Conflict Zone

Conflict Zone

January 6 – January 30,2012

In the first collaboration of its kind, more than 20 combat journalists and military veterans from the wars in Iraq and Afghanistan have pooled their images from the battlefield for a groundbreaking multimedia exhibit. Its appearance at the Fort Worth Community Arts Center is being sponsored by the Society of Professional Journalists, Fort Worth Pro Chapter.

Conflict Zone was inspired by Joao Silva, the New York Times photographer who lost both legs in a landmine blast in October 2010 in Afghanistan. Brought together by the nonprofit Independence Fund, Joao’s colleagues from the press corps donated their images for an art exhibit that features some of the most celebrated combat journalists and photographers of this generation.

Contributors include the late Chris Hondros, who was killed in Libya in April 2011, as well as award-winners Andrea Bruce, Jeff Newton, Greg Marinovich, Kathleen Flynn, Jason P. Howe and Silva. The work exhibited in Conflict Zone first appeared in theNew York Times, Getty Images, the Washington Post, CBS News, the St. Petersburg Times, the San Antonio-Express News and USA Today, as well as locally in Fort Worth Weekly. Work by other local photojournalists may also be included in the exhibit as it appears at Fort Worth Community Art Center.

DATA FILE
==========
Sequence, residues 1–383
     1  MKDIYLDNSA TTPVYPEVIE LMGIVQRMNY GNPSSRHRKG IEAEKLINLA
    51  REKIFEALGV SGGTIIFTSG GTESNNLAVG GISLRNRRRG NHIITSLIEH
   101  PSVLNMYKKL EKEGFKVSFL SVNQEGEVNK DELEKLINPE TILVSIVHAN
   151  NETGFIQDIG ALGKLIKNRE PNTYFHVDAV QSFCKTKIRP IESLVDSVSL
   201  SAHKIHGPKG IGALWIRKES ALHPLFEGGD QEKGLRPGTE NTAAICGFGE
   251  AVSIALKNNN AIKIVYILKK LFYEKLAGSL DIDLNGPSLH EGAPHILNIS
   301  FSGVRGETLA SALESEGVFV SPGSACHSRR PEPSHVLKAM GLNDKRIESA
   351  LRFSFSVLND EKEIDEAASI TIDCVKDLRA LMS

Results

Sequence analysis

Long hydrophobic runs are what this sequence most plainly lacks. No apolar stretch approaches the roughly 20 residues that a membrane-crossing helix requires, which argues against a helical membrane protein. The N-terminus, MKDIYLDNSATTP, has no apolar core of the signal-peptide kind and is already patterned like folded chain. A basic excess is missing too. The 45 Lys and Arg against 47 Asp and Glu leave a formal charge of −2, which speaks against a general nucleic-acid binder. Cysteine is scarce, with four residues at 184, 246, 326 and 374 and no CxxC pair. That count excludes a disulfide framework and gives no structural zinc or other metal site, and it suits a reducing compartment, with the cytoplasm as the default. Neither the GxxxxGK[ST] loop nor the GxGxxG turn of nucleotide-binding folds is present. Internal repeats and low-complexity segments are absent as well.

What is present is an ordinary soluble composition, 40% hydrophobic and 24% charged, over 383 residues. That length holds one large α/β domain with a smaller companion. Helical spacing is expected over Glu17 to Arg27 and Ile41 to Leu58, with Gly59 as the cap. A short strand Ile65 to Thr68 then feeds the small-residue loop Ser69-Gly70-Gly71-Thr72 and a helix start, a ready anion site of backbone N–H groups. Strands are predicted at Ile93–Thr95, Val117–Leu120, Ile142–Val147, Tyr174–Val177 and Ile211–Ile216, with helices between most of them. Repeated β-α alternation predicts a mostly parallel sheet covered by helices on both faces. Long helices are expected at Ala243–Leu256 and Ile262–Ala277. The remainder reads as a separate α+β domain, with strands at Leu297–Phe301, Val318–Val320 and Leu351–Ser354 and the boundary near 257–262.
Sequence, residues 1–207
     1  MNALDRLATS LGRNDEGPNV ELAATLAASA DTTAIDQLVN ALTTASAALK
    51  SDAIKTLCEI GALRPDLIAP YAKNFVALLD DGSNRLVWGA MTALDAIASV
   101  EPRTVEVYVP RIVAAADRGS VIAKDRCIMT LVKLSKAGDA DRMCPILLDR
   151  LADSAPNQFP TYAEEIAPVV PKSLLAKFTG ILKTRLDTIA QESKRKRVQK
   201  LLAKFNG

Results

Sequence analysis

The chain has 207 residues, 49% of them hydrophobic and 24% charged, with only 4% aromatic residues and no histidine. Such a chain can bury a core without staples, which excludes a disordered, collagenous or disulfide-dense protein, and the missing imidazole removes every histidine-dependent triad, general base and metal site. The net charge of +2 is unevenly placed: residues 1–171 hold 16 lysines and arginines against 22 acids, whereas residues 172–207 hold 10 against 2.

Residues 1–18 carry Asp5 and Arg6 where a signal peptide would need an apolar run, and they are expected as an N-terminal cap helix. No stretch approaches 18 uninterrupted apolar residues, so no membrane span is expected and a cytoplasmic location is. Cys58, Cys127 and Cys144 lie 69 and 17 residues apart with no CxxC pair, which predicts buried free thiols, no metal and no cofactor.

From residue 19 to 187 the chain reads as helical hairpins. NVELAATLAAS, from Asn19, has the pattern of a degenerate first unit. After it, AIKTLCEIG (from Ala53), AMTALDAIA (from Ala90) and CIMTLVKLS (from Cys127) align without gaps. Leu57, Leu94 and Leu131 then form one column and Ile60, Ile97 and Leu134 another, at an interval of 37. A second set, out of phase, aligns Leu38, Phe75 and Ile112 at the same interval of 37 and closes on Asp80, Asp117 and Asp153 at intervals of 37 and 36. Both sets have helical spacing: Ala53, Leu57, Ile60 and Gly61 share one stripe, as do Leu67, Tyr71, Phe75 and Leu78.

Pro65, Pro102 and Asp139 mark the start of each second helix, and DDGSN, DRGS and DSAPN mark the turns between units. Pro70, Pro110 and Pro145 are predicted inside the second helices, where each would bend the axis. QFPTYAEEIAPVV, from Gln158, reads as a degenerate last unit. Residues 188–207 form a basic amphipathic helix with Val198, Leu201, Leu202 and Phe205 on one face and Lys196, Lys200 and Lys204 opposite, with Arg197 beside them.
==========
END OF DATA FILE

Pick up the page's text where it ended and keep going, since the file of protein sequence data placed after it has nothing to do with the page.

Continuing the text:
Silva’s haunting images snapped in the seconds after he was injured are part of the exhibit, which includes photos as well as video and audio from Iraq and Afghanistan. The The exhibit also includes the iconic image from Hondros of a screaming 5-year-old girl whose parents were shot and killed at a checkpoint in Iraq.

Contributor Bill Putnam is a freelance photojournalist whose photographs from Afghanistan have appeared in Fort Worth Weekly as well as many other publications. He says that Joao Silva’s photographs in particular “help bridge a chasm between the safe world and the world that many of us live in. Photographing in war zones, hell, being in war zones changes all of us. We literally see the worst and best of humanity unfolding before our eyes. You can't be unchanged by those events.”

Co-directors of the exhibit are Steve Danyluk, a U.S. Marine and combat veteran who is the founder of the Independence Fund, and Jackie Spinner, former Washington Post Baghdad bureau chief and a professor at Columbia College Chicago.